4. Educational institutions run by Hindus are subjected to government’s interference whereas minorities’ educational institutions enjoy full freedom.
To escape the above-mentioned discrimination, some Hindu sects claim that they are not Hindu. In 2018, Lingayats in Karnataka claimed that they were a minority. And earlier, Ramakrishna Mission had wanted the minority status.
Supreme Court and UCC
In a number of judgements, various Benches of Supreme Court have supported the cause of Uniform Civil Code; and have urged the Parliament to formulate it.
In 1985, in the Supreme Court’s judgement reported as Mohammad Ahmed Khan v. Shah Bano Begum (AIR 1985 SC 945), Honourable Mr. Justice Y.V. Chandrachud, the then Chief Justice of India had held, “A common civil code will help the cause of national integration by removing disparate loyalties to laws which have conflicting ideologies”.
Afterwards, in 1995, in its judgment reported as Sarla Mudgal v. Union of India (AIR 1995 SC 1531), the Supreme Court emphasised the importance of UCC and observed, “..there is no justification, whatsoever, to keep in abeyance, any more, the introduction of the ‘uniform civil code’ for all the citizens in the territory of India.”
In 2003, in its judgement reported as John Vallamattom v. Union of India (AIR 2003 SC 2902), the Supreme Court commented as follows,
“It is a matter of great regret that Article 44 of the Constitution has not been given effect to. Parliament is still to step in for framing a common civil code in the country. Common civil code will help the cause of national integration by removing the contradictions based on ideologies.”
In 2015, while hearing a petition, the Supreme Court Bench of Honourable Mr Justice Vikramjit Sen and Honourable Mr Justice Shiva Kirti Singh questioned the government on framing the Uniform Civil Code so that citizens of all religions are regulated by the same yardsticks in matters of law.
BJP and UCC
Unfortunately, Indian National Congress has all along supported the cause of pseudo-secularism and pro-minority politics. Therefore, it does not support the cause of UCC.
BJP has strongly supported the implementation of UCC. Its Election Manifesto of 2014 contained the following words:
“….. BJP reiterates its stand to draft a Uniform Civil Code, drawing upon the best traditions and harmonizing them with the modern times.”
However, from 2014 to 2019 BJP did nothing to fulfil its promise of UCC.
On the contrary, when in 2016, Dr Satya Pal Singh of BJP presented his Bill Number 226 (in Lok Sabha) to treat Hindus at par with minorities in religious, educational and cultural rights matters without depriving minorities of their rights, BJP government did not pass this bill in Lok Sabha though it had majority in Lok Sabha. And the Bill lapsed.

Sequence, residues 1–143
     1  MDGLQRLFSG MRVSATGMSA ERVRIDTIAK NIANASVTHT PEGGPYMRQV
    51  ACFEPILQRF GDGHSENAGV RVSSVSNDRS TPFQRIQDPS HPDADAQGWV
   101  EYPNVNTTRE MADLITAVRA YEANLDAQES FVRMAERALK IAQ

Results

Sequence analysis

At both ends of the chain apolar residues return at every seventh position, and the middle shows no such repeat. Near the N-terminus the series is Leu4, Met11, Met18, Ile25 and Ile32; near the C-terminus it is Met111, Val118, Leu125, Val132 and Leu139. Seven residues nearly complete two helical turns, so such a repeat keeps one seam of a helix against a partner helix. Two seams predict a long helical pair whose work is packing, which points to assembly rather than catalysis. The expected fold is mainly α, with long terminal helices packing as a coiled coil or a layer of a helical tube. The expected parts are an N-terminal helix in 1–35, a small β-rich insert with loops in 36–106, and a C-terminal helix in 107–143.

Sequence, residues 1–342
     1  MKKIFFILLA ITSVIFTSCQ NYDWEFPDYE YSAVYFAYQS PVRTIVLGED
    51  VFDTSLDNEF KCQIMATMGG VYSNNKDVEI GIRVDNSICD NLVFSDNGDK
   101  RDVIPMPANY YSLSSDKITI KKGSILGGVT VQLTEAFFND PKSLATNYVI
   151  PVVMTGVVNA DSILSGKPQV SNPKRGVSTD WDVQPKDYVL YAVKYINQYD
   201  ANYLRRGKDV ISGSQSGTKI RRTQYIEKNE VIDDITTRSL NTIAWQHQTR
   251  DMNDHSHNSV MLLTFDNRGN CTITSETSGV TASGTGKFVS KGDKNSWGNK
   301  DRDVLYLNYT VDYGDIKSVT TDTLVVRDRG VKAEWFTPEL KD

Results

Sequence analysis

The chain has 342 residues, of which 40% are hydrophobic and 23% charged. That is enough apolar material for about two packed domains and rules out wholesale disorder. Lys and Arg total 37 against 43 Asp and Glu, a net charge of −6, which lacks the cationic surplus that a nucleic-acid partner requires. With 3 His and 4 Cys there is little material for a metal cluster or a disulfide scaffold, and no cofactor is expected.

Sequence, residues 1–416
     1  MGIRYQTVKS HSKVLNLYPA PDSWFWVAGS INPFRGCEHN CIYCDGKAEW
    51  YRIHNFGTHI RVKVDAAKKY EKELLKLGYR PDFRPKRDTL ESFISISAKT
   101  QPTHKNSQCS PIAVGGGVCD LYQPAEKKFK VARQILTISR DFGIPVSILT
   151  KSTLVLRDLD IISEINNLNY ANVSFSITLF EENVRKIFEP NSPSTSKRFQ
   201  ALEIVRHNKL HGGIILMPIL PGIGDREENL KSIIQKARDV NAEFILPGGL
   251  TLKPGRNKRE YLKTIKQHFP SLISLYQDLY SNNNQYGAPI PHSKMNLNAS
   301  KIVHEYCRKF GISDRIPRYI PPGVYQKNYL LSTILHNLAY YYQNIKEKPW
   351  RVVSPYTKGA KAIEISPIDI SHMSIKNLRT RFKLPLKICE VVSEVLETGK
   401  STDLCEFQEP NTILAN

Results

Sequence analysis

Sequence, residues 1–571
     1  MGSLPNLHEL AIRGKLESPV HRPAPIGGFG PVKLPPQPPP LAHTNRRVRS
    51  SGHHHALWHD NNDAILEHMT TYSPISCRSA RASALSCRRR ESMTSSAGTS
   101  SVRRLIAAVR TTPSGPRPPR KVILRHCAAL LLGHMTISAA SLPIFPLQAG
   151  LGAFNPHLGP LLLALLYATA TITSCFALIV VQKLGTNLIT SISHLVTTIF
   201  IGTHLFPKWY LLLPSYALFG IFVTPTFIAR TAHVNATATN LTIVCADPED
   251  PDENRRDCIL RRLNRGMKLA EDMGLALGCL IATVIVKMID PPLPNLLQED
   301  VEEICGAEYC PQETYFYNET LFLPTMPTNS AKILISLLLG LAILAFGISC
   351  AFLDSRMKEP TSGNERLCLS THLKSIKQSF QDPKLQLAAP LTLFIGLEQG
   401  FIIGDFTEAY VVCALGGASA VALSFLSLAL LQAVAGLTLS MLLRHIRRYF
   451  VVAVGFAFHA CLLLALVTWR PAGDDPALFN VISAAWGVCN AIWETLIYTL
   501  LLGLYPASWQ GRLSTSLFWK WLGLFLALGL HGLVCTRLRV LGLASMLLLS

Passage of this Bill would have helped the cause of UCC.
BJP’s Election Manifesto of 2019 re-affirms its commitment to implement UCC by repeating the exact words of its 2014 Manifesto.
No one can have any valid objection to UCC which ensures equal rights and same laws for every Indian citizen irrespective of his religion.
The way forward
Equality before law and same laws and same rights for every citizen are the primary attributes of any secular nation. But politics of pseudo-secularism has ruined the social fabric of India.
Many of the problems faced by India are due to the government’s inaction on the Constitutional directive to implement UCC.
India must be liberated from the slavery of fake secularism. For survival of India as a nation, discriminatory laws and divisive policies must be replaced by UCC.
Article 44 reflects the pious wishes of Constitution framers like Dr. Bhimrao Ramji Ambedkar, Kanhaiyalal Munshi, Minoo Masani, Hansa Mehta, Rajkumari Amrit Kaur and Alladi Krishnaswamy Iyer who were staunch supporters of UCC. But these wishes will remain mere wishes till Parliament converts them into enforceable rights.
Since BJP government did nothing regarding UCC in its earlier tenure from 2014 to May 2019, nationalists must launch a strong and peaceful movement and request the present BJP government to fulfil its long-pending promise of UCC immediately.
No one can have any valid objection to UCC which ensures equal rights and same laws for every Indian citizen irrespective of his religion. Besides, there can be no objection from any community to UCC when there is no objection to Uniform Criminal Code which is common in criminal matters for all religious communities.
With all Indians being governed by the same laws and enjoying the same rights, UCC would transform India into a very strong, harmonious, egalitarian and united nation.
Besides, “JUSTICE”, “LIBERTY”, “EQUALITY”, AND “FRATERNITY” guaranteed to every Indian citizen as per Preamble of Indian Constitution can be delivered only through Uniform Civil Code.
1. The views expressed here are those of the author and do not necessarily represent or reflect the views of PGurus.